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Militia members and supporters of Venezuela's President Nicolas Maduro attend a rally in support of him in Caracas, Venezuela August 6, 2018. REUTERS/Adriana Loureiro(reuters_tickers)
By Andreina Aponte and Shaylim Castro
CARACAS (Reuters) - Venezuelan government sympathizers on Monday rallied to show support for President Nicolas Maduro following weekend drone blasts that he called an assassination attempt, but the socialist leader surprised the crowd by skipping the event.
Maduro, whose approval ratings hover around 25 percent, with opponents blaming his policies for worsening an economic meltdown, has urged supporters to unite in the face of what he described as right-wing plots led by the Colombian government and exiles in the United States.
Colombian President Juan Manuel Santos has scoffed at the accusations, saying he was fully focused on his granddaughter's baptism, while U.S. national security adviser John Bolton said Washington was not involved in the blasts.
Supporters wearing t-shirts emblazoned with Maduro's face massed in Caracas on Monday, chanting pro-socialist slogans and enjoying subsidized corn patties.
"We're willing to defend this process peacefully and through the development of ideas. But if we have to give our lives, we will," said Henry Jaimes, 37, an employee of Caracas' Youth Institute, as he waved a sign saying, "Alive and winning with Maduro."
But turnout was thin compared to previous marches, which would take over major avenues. Many in attendance were public sector employees, some of whom said they had been ordered to attend, according to Reuters witnesses. Keen supporters of late leader Hugo Chavez have increasingly soured on his far less charismatic successor.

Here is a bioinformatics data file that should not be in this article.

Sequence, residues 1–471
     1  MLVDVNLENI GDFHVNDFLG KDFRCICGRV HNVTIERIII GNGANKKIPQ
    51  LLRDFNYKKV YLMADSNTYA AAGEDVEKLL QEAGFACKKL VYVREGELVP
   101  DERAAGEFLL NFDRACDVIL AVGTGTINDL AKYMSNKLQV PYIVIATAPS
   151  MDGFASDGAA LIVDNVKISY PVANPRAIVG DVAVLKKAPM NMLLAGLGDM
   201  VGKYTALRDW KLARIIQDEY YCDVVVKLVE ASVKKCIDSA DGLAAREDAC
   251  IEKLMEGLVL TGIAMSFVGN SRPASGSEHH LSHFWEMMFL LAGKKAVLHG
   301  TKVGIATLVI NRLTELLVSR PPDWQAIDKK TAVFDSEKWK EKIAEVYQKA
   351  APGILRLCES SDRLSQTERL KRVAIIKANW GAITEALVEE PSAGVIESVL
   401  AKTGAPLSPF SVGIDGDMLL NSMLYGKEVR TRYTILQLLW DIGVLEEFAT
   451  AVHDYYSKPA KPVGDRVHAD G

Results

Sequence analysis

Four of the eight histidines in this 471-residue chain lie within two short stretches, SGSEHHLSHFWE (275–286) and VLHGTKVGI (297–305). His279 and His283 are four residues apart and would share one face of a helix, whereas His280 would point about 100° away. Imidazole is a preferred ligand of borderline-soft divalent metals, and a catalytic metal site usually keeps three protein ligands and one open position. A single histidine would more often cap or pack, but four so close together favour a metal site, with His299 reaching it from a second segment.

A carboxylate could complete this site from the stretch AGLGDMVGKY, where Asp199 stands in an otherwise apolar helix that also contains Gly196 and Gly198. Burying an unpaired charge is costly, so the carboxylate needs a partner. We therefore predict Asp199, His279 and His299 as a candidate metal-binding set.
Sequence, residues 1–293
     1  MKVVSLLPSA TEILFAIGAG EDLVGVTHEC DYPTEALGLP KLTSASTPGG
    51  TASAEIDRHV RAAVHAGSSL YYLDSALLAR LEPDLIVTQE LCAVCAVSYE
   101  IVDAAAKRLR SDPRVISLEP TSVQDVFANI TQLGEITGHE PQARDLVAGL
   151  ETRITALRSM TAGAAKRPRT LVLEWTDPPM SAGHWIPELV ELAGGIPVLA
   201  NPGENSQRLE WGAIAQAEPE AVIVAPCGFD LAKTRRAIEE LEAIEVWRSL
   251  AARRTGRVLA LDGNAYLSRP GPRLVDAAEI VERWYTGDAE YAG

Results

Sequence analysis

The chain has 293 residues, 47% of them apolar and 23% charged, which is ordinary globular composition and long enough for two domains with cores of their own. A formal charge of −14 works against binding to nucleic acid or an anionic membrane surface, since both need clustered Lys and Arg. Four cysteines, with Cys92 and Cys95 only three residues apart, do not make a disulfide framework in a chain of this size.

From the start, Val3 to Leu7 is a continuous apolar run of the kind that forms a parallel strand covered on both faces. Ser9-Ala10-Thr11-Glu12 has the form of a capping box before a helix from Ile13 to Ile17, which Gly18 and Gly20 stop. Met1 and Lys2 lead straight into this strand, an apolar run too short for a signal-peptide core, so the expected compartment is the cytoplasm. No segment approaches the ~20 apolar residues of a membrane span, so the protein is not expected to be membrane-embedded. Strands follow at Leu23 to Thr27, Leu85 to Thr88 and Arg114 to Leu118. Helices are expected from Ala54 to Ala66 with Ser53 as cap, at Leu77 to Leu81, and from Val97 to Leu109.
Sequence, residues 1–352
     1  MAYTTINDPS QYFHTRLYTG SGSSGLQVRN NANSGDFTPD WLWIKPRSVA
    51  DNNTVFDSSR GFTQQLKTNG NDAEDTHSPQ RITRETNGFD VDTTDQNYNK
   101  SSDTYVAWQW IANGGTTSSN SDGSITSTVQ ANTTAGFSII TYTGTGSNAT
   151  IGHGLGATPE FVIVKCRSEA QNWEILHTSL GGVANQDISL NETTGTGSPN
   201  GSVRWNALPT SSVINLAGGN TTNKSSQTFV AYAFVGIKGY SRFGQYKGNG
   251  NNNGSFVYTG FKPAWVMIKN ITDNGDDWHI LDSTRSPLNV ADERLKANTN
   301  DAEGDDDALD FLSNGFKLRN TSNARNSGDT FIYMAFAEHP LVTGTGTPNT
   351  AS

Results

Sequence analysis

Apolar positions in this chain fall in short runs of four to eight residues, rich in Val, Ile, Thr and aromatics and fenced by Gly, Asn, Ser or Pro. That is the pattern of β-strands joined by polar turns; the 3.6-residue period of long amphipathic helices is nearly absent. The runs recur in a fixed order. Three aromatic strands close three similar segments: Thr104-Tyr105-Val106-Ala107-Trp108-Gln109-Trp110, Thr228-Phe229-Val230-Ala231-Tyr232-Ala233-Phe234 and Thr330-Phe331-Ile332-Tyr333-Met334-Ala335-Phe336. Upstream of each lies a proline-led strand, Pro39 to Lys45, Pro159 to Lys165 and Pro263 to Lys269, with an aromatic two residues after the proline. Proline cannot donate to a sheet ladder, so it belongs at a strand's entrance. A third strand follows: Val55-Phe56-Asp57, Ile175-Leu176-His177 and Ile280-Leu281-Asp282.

Maduro, who made a televised speech shortly after the incident, had been due to speak from the Miraflores palace on Monday afternoon.
It was not immediately clear why he did not. The Information Ministry did not reply to a request for comment.
"Where is our comandante (leader)?" confused supporters asked when staff began packing up.
"We thought we would see and hear our president," said Tony Ugarte, 43, who is in charge of the distribution of subsidized food boxes in part of the working class neighbourhood of El Paraiso.
The government said suspects launched two DJI M600 drones laden with C4 explosives over an outdoor rally on Saturday afternoon, which had been held to commemorate the founding of the National Guard.
One drone was "diverted" by security forces while the second fell on its own and hit an apartment building, authorities said.
Six people have been detained, authorities said on Sunday. Intelligence agents on Monday searched an upscale hotel in eastern Caracas, workers at the hotel told Reuters, although it was not immediately evident if the searches were linked to the blasts.
(Reporting by Andreina Aponte and Shaylim Castro, Additional reporting by Mayela Armas and Adriana Loureiro, Writing by Alexandra Ulmer, Editing by Rosalba O'Brien)